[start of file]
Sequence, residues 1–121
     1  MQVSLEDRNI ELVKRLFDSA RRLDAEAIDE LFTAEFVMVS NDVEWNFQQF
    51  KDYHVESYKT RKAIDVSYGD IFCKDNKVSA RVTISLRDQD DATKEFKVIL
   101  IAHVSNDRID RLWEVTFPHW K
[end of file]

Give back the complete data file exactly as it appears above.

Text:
Sequence, residues 1–121
     1  MQVSLEDRNI ELVKRLFDSA RRLDAEAIDE LFTAEFVMVS NDVEWNFQQF
    51  KDYHVESYKT RKAIDVSYGD IFCKDNKVSA RVTISLRDQD DATKEFKVIL
   101  IAHVSNDRID RLWEVTFPHW K